On The 9th August 2012 I was invited to the remote jungle village, known as Trov Pheang Ctas, located deep within the Svay Ler district in Cambodia. It was somewhere I had never been or heard of, and I assumed there might be both unexploded landmines, and illegal logging activities, as is the case in much of the rural countryside.
My time there would be spent documenting the hunt of one of Cambodia’s finest delicacies, Haplopelma albostriatum.
Haplopelma albostriatum, are a species of tarantula called "a-ping" in Khmer, and also known as the Thai zebra tarantula, when fully grown can reach the size of a human palm.
The spiders are caught using a very primitive simple yet effective technique, where the hunter will tease the creature from its den by the ways of using a stick to tickle its web and entice the spider to surface. The spider then makes its retreat deep into its hole, but no escaping as that’s when the improvised shovels come into play. Although venomous the tarantulas are not deadly and there bite has been described as something close to a very bad bee sting.
Once visable the arachnid is quickly plucked from its hole and grabbed by its back just in front of its abdomen using 2 fingers with care taken to avoid a nasty bite from there rather large fangs.
When caught the spiders are delicately put into small plastic bottles and kept there until they and ready to eat. The process used to prepare the catch for eating comprised of filling a bowl with water and jointly drowning and washing the spider in one easy step. The method used at this particular village was very cheap and easy, the spiders are tossed in salt and deep fried.
It is not clear how this practice started, but some have suggested that the population might have started eating spiders out of desperation during the years of Khmer Rouge rule, when food was in short supply.

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Perfect Soldiers of Cambodia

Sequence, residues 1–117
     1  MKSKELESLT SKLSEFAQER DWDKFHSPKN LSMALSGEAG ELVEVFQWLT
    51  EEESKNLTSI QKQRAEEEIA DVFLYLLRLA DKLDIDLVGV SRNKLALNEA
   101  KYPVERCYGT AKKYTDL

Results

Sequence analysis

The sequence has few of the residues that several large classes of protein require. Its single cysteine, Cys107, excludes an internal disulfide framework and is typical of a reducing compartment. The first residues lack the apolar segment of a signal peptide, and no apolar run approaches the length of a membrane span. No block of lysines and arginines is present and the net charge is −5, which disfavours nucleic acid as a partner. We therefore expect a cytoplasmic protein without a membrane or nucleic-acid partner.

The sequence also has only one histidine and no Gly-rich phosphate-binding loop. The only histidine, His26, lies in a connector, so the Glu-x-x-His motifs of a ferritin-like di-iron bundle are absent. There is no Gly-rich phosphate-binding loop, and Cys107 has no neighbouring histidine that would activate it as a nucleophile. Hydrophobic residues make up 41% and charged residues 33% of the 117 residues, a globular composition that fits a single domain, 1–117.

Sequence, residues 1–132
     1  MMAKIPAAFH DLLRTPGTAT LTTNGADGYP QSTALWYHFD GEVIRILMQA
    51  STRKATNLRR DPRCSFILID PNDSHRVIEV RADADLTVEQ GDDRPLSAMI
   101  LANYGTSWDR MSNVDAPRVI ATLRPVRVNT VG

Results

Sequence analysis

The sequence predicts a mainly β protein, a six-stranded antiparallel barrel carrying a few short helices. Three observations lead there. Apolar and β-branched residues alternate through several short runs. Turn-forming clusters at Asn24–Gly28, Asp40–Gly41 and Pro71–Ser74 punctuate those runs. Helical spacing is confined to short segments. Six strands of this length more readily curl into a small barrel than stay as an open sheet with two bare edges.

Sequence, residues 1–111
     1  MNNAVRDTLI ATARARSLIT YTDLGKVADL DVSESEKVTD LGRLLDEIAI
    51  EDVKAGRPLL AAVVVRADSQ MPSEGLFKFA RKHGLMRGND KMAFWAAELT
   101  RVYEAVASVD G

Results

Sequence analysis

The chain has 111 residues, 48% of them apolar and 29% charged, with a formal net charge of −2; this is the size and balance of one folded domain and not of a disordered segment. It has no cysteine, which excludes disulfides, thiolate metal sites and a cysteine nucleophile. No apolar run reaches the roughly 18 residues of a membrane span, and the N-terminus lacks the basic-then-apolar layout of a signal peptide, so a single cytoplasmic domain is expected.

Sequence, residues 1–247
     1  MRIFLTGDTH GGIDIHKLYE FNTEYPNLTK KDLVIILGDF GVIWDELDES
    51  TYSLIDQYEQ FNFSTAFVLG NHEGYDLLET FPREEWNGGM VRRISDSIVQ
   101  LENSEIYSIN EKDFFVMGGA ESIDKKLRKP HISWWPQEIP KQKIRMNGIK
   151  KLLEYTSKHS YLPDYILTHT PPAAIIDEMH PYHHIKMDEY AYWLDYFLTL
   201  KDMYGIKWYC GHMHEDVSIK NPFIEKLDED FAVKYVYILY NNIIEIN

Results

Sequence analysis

Battambang Cambodia
By George Nickels
25 Apr 2013

A major problem that Cambodia faces is the magnitude of landmines littered across provinces throughout the country. This is the legacy of three decades of savage war that raged in Cambodia. All sides used landmines, manufactured in China, Russia, Vietnam and the United States. Pol Pot, whose regime was responsible for the deaths of approximately 1.7 million Cambodians between 1975 and 1979, reportedly called land mines his “perfect soldiers.” The landmines in Cambodia were placed by 3 different factions the Khmer Rouge, the Heng Samrin and Hun Sen regimes) that clashed throughout the Civil War in Cambodia in the 1970s. They were layed throughout every province of the country and are for many people who live in rural areas still a daily threat. A common problem that the Khmer people faced with the anti-personnel mines is that in many cases even the people who planted the mines could not remember where they had placed them. The CMAC [Cambodian Mine Action Centre] work day and night ridding Cambodia of the millions of landmines and unexploded ordnance that still litter the country, clearing agricultural land and enabling the people who live in the effected areas to once again work the land and ultimately break the cycle of poverty.
The Cambodian government is supplying 3% of the funds needed to run CMAC's demining operations throughout the country. Recent estimates show that there may be as many as four to six million mines and unexploded devices left undetected in Cambodia although some estimates run as high as 10 million. In the 1st 3 months of 2013 CMAC reported that there have been 24 injuries, 14 amputees and 4 fatalities due to this still ever present threat.